- Aspect Ratio: 2.40:1
- Video Codec: AVC/MPEG-4
- Resolution: 1080p/24
- Audio Codec: English DTS-HD Master Audio 5.1, Spanish Dolby Digital 5.1
- Region: A
- Rating: R
- Discs: 2
- Studio: New Line
- Release Date: January 5, 2010
- List Price: $35.99[amazon-product align=”right”]B001GCUO52[/amazon-product]
Click thumbnails for high-resolution 1920X1080p screen captures
(Screen captures are lightly compressed with lossy JPEG thus are meant as a general representation of the content and do not fully reveal the capabilities of the Blu-ray format)
It may be a bit of a strain to classify The Final Destination as a “horror” or “slasher” film, because in fact the franchise has really become no more than a glorified snuff series, and The Final Destination arrives — purportedly the fourth and last in the franchise — to wrap up the series. Unfortunately for genuine horror fans, The Final Destination, despite its valiant effort and spruced up 3-D effects that do manage to add a new level of excitement to the proceedings, is no more than a dull rehash of the original and still best film in the series.
A group of friends spend a day at the racetrack where one has a premonition of their deaths. Despite their misgivings, he convinces them they must leave, right before a major tragedy that ends up killing many people. The friends are all happy to escape, but they soon realize that all of the people who they helped to escape death that day are dying in freak accidents. Not only that, but they are dying in the very order that they died in the original premonitions.
The rest of the film is spent with the lead character Nick (Hunt Wyonorski) and his impossibly pretty girlfriend trying to cheat death and save the lives of the people on the list, including their own and their friends. The trouble is, can they ever truly escape the inevitably of destiny and dying?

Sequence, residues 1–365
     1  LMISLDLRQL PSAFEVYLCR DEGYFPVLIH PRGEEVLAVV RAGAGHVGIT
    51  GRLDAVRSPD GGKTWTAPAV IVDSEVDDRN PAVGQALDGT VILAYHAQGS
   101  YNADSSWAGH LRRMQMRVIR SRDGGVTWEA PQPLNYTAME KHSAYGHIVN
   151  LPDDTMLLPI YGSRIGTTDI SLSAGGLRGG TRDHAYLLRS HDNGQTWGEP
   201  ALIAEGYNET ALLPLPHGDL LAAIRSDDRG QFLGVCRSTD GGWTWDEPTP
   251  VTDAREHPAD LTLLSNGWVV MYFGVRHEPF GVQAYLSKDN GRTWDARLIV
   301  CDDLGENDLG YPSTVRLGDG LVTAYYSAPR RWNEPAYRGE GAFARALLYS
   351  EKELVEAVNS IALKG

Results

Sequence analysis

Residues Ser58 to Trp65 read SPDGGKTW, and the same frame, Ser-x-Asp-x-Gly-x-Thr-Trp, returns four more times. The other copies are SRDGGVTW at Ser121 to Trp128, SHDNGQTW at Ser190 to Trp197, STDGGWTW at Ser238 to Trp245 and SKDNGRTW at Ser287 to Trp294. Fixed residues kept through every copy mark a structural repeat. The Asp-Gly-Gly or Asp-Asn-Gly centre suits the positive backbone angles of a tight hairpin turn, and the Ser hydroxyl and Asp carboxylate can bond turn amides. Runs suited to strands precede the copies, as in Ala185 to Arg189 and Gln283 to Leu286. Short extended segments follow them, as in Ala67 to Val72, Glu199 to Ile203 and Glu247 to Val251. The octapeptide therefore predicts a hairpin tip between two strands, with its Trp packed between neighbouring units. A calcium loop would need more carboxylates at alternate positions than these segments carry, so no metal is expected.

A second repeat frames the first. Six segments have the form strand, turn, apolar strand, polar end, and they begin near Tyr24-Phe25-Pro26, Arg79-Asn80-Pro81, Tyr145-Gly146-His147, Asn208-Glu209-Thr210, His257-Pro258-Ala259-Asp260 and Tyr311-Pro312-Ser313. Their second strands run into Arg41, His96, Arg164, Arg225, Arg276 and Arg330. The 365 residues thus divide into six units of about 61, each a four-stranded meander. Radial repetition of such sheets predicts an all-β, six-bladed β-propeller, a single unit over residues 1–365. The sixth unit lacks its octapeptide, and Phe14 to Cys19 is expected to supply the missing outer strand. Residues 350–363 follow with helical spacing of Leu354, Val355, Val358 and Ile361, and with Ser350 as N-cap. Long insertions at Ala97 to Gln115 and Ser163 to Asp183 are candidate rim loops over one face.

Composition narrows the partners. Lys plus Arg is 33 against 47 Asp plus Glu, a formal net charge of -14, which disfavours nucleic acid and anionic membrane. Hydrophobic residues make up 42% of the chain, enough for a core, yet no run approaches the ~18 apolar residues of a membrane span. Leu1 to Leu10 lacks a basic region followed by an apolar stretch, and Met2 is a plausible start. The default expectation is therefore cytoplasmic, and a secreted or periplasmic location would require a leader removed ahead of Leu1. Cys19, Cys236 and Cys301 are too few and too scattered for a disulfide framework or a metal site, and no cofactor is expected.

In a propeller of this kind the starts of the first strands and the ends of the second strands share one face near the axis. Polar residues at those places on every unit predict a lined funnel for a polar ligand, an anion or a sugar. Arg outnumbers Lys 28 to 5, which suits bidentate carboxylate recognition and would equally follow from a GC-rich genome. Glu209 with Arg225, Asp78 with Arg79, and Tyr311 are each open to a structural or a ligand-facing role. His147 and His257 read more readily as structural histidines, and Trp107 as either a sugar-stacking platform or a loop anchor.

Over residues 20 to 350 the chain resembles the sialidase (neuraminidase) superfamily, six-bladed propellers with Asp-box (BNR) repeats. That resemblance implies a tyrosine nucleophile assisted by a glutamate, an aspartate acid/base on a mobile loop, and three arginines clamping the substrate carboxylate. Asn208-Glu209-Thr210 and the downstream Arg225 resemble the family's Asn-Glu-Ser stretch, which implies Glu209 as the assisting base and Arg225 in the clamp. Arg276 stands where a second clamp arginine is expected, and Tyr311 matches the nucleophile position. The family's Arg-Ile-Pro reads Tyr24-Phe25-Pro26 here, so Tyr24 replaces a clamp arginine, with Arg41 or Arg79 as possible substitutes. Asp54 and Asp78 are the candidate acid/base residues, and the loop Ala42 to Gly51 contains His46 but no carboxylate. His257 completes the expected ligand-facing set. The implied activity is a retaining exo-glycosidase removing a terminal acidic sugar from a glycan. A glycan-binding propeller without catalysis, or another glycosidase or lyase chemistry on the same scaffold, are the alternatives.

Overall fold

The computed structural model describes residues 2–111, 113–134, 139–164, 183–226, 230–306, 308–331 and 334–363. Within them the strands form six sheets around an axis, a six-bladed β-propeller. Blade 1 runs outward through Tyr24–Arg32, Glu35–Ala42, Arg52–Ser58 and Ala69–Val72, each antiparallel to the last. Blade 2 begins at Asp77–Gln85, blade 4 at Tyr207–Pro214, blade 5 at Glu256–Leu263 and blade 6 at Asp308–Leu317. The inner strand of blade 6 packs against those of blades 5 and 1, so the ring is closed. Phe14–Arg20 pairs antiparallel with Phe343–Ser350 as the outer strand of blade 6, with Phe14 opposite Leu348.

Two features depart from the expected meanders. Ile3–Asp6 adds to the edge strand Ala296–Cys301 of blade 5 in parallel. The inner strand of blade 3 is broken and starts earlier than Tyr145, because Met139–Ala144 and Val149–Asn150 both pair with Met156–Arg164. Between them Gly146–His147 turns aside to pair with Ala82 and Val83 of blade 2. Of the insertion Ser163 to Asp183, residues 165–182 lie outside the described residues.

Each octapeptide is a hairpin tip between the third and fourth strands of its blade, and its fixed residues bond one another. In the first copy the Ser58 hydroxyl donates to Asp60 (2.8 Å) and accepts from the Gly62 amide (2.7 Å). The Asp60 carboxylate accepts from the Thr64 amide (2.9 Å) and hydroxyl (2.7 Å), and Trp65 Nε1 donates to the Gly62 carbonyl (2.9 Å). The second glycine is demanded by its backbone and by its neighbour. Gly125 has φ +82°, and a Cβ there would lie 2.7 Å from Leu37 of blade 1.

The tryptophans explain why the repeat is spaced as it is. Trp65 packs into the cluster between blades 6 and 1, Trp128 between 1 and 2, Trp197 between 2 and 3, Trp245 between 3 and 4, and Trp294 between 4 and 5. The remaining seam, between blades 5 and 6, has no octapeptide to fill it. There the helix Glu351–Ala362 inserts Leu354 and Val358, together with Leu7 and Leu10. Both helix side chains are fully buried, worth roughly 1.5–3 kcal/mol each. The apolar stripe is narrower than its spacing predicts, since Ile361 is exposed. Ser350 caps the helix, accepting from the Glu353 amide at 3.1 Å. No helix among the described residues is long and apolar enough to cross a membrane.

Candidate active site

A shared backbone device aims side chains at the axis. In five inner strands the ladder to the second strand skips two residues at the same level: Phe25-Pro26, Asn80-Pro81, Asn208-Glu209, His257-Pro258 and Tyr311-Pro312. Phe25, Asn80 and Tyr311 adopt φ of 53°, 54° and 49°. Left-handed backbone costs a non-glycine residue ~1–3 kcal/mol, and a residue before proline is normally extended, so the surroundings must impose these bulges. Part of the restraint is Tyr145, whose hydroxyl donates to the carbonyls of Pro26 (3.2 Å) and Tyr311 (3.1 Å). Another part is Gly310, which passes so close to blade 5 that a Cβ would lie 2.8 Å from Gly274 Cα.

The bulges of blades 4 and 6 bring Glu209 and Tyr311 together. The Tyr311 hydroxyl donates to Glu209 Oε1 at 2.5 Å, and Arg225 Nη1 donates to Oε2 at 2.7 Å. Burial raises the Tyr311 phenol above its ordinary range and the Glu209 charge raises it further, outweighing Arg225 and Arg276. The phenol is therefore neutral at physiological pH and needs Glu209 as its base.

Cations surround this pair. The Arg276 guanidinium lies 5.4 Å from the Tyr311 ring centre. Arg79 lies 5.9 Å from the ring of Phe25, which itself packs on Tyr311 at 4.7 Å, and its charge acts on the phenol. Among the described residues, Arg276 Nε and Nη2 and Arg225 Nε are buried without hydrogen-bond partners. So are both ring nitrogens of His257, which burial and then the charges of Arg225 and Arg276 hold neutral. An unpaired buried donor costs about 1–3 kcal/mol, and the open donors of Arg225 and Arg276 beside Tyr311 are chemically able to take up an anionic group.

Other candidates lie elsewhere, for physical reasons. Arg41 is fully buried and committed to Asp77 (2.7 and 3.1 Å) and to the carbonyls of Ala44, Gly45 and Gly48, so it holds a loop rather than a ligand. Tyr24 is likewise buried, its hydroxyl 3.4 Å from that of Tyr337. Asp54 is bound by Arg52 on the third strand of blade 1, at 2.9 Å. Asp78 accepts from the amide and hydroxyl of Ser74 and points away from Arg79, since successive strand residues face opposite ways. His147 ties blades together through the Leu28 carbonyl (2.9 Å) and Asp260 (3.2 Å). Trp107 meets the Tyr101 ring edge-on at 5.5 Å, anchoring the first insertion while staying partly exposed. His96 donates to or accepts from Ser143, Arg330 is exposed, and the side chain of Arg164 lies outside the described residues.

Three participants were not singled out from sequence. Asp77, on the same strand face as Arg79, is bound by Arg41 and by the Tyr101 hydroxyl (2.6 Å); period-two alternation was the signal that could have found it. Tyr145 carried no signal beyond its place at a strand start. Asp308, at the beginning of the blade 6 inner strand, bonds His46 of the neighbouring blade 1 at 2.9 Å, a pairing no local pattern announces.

Let’s face it, The Final Destination, is really about the voyeuristic thrill of watching the many ways in which someone can bite the dust, oh, and gorgeous people at that. There’s no other purpose for this unnecessary retread of a series that not even the 3-D can truly resuscitate.
Do yourself of favor and skip the anaglyphic (that’s the cheap, red/blue or magenta/yellow 3-D we’ve been getting since the 50’s) 3-D provided on this release. I always attempt to watch these versions and it always ends with me giving up in frustration within 15-minutes or so. Thank goodness the BDA has finally settled upon the new 3-D standard for Blu-ray players to deliver non-analglyphic 3-D in the home. Until these players (the Playtstation 3 is compatible with the new standard through a future firmware upgrade) and televisions hit the market, I need to stick with the standard “2-D” image.
The 2.40:1 VC-1 1080p/24 transfer looks great on this disc. Coming from an HD source, the picture looks very clean and more lifelike and realistic than it does film-like, but it’s still better than some other films meant for 3-D that I’ve watched in 2-D. At times there is some slight video noise present, but it is never distracting. Blacks are inky without much black crush and shadow delineation is fairly strong. Flesh tones are spot on and colors pop nicely. I did not notice any compression artifacts or edge enhancement.
The English DTS-HD Master Audio 5.1 soundtrack for The Final Destination is a full-on aural assault, as one might expect. There’s hardly a moment where some sound isn’t whizzing by your head or swirling around the room. When thing are a bit more calm, there is a fairly audible amount of low-level atmospheric effects in the surrounds and across the front channels. Low frequencies are definitely extended, so expect some rattling floorboards.
All of the video supplements are provided in high definition and there are some informative details offered up on the visual effects for some of the more memorable scenes from the film.
The supplements provided on this release are:
Behind the Story:
- Body Count: The Deaths of The Final Destination (1.78:1; 1080i/60):
- Janet Explosion Death
- Samantha Engine Block Death
- Cowboy Racetrack Death
- Racist Fire Death
- Lori Escalator Death
- Gearhead Fence Death
- The Final Destination — Racecar Crash (2.35:1; 1080i/60):
- Pre-Viz Animatics
- Visual Effects
- Mall Explosion (2.40:1; 1080i/60):
- Pre-Viz Animatics
- Visual Effects
- Deleted Scenes (2.40:1; 1080p/24) — These deleted scenes are more like little snippets that barely register as a blip.
- Alternate Endings (2.40:1; 1080p/24) — Two alternate endings for The Final Destination.
- Exclusive First Looks at the New A Nightmare on Elm Street (2.35:1; 1080p/24; 0:01.59) — Have a sneak peek at the new film coming in April 2010.
- Digital Copy
The Definitive Word
After four films this franchise, which was never that compelling to begin with, most definitely feels tired. Perhaps it is time that this series reaches its “Final Destination” even as New Line offers up a solid, reference-quality release on Blu-ray to tie up the series — we think.